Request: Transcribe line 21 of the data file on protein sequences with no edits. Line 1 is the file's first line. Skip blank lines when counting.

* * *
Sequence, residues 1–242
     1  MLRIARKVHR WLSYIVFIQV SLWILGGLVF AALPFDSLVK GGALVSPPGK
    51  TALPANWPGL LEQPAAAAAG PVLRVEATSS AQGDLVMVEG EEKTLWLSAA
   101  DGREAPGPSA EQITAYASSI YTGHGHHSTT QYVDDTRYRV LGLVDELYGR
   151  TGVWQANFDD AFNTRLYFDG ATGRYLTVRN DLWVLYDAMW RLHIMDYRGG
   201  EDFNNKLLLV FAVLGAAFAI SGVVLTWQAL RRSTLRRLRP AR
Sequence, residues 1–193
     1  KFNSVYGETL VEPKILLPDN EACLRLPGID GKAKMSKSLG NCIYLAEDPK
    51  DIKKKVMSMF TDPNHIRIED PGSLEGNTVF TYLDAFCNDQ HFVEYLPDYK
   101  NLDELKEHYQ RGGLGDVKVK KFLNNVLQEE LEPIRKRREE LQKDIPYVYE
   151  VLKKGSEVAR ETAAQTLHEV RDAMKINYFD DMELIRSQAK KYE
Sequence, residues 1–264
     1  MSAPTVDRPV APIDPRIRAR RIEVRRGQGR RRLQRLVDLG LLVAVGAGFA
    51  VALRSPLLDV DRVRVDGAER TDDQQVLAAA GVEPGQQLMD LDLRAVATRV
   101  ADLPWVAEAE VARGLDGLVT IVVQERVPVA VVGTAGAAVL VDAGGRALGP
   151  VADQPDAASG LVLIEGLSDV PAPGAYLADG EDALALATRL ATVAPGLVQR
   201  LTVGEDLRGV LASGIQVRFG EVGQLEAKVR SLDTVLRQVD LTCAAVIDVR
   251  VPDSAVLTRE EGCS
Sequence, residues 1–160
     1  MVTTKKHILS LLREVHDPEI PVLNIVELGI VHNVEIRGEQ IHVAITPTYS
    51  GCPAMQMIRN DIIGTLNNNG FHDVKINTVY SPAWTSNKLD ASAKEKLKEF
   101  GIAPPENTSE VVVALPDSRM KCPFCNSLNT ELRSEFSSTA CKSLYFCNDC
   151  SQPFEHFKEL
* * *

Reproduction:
    51  GCPAMQMIRN DIIGTLNNNG FHDVKINTVY SPAWTSNKLD ASAKEKLKEF